Same thing goes for the EMT- if it is a requirement of the company to perform EMS responses, then yes, the officer should be required to have the cert.
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    Why do you feel like an EMT has to run an EMS scene? For example, an MVA that requires patient care. While the EMS providers handle the patient care, the IC (who may or may not be an EMT) can coordinate the other issues at hand, such as extrication, hazard mitigation, traffic control, and the like

    In our department, we do not classify MVAs as an EMS call, It's a response that has a EMS component, but as you mentioned also has a fire component, extrication component and the like. MVAs get a full response of both EMS and non-EMS volunteer personnel.

    Command at MVAs does not necessarliy need to be an EMS certified officer, but is certainly is helpful.

    However, at an MVA we do often assign one of our officers to oversee patient care if the parish EMS service shift supervisor is unable to respond. That person, IMO, must have an EMS certification of at least EMT to do his job effectivly.

    At regular 'ole EMS calls the IC should definatly be an EMS cerifierd officer or senior man. Not only should the IC have the skills and the legal authority to perform those skills (certification) to be able to step in and assist if needed, somehow the response of "Well, I was just the IC and have no real medical training" to the question of "So as IC, why didn't you stop the potentially harmful actions of the care providers?" wouldn't sit to well in a courtroom.

    As I see it, no diffrence in that you wouldn't put a Awareness trained IC in charge of haz-may incident or a minimully trained officer in charge of a technical rescue operatiion.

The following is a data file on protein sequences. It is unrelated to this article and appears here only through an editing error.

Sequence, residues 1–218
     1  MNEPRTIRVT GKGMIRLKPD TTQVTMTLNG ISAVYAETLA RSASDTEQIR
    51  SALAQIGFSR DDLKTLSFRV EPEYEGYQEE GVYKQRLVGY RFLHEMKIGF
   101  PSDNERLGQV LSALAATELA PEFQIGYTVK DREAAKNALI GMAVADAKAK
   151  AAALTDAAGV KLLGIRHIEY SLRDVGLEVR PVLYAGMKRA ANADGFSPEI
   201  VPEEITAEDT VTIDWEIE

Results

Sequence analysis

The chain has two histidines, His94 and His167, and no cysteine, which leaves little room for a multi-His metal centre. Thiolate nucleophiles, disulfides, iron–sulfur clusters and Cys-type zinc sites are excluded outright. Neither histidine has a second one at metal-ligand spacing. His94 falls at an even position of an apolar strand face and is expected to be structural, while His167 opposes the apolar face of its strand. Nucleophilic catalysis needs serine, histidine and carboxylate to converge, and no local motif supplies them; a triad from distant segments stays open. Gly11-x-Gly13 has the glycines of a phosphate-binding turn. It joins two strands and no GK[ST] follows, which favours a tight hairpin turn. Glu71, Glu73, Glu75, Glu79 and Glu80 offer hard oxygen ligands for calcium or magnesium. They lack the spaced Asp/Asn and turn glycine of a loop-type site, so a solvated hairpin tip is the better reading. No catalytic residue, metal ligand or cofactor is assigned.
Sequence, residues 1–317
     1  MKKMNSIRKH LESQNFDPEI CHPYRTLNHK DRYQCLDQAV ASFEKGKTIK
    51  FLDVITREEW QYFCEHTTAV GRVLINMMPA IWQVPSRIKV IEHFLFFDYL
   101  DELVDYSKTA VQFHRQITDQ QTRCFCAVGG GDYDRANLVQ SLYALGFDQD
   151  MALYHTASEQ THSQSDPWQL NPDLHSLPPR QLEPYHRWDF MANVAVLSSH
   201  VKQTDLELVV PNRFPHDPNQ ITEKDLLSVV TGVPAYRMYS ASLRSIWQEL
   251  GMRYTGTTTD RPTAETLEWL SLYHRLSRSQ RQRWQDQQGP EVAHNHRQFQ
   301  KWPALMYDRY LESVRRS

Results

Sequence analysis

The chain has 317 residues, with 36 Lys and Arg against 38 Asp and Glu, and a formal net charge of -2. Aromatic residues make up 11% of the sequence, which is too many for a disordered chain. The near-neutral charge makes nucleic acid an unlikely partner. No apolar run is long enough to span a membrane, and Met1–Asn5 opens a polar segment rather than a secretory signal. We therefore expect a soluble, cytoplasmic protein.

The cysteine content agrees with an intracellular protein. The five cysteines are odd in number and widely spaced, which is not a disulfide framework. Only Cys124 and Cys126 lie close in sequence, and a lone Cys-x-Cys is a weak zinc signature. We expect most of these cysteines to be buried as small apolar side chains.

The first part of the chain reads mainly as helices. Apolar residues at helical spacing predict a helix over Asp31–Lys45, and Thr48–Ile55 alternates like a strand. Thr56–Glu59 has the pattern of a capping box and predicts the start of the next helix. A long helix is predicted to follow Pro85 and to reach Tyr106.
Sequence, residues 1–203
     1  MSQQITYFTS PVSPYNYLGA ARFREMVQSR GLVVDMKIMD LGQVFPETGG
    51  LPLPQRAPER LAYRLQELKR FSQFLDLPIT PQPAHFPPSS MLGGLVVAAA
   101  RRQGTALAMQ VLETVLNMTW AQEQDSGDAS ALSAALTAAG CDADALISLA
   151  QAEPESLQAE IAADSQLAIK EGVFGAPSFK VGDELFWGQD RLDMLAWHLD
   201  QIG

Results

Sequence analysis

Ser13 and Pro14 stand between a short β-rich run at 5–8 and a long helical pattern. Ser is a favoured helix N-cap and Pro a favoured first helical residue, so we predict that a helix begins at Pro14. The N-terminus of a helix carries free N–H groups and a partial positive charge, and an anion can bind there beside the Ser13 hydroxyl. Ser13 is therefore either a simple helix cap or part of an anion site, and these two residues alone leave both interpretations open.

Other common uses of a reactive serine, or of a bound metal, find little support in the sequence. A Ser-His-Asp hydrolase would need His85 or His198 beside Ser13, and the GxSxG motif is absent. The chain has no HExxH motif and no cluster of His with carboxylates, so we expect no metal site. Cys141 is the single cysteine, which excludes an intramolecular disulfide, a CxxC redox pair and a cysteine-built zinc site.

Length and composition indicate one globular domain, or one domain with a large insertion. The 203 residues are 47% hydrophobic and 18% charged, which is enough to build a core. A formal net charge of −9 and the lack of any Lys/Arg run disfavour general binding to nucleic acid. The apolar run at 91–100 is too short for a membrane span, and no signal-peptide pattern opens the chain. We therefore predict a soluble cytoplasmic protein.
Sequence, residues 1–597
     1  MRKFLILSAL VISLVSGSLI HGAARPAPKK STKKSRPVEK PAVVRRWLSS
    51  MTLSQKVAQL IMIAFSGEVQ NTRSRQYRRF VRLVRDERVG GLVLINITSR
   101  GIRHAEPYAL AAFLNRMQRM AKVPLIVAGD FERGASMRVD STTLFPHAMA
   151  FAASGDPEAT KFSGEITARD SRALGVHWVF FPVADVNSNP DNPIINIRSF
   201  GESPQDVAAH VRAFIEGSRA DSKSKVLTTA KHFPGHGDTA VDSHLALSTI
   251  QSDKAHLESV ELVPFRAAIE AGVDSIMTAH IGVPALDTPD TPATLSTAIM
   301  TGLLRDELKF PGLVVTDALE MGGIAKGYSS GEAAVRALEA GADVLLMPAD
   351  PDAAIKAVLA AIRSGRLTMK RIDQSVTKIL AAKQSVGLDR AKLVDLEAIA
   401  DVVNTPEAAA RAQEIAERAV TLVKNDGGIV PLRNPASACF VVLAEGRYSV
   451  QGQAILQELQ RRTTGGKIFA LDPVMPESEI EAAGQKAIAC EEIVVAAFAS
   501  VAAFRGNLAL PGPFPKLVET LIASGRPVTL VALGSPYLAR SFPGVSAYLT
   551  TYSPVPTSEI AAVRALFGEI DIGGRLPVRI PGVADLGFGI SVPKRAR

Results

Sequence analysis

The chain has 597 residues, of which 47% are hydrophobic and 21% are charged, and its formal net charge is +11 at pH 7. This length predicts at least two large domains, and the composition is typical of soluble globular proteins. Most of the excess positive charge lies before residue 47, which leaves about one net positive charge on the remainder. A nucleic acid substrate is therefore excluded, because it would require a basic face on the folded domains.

Last edited by LaFireEducator; 03-30-2008 at 03:59 PM.

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    Quote Originally Posted by FWDbuff View Post
    IMO, in order to be a competant leader, you should be fully qualified to perform any and all tasks required of those you lead- for example, you should be fully qualified and experienced in Engine, Truck or Rescue Company operations. You should be fully qualifed to operate (any and all) pieces of apparatus to which you may be assigned as company commander- I was involved in a situation one time as the driver/operator of a piece of apparatus under a "Company Officer" (I use quotes as to this day I am firm in my belief that the fool had no business being an officer.....) that wanted me to do something that the piece was not capable of doing- had I done as he asked, it would have resulted in severe damage. I refused, and he attempted to bring me up on charges after the fact. Charges were dropped when cooler heads (who also knew what he wanted done would have resulted in damage) prevailed. Had he been a qualified Driver/Operator, he would have known, and never would have pulled that stunt.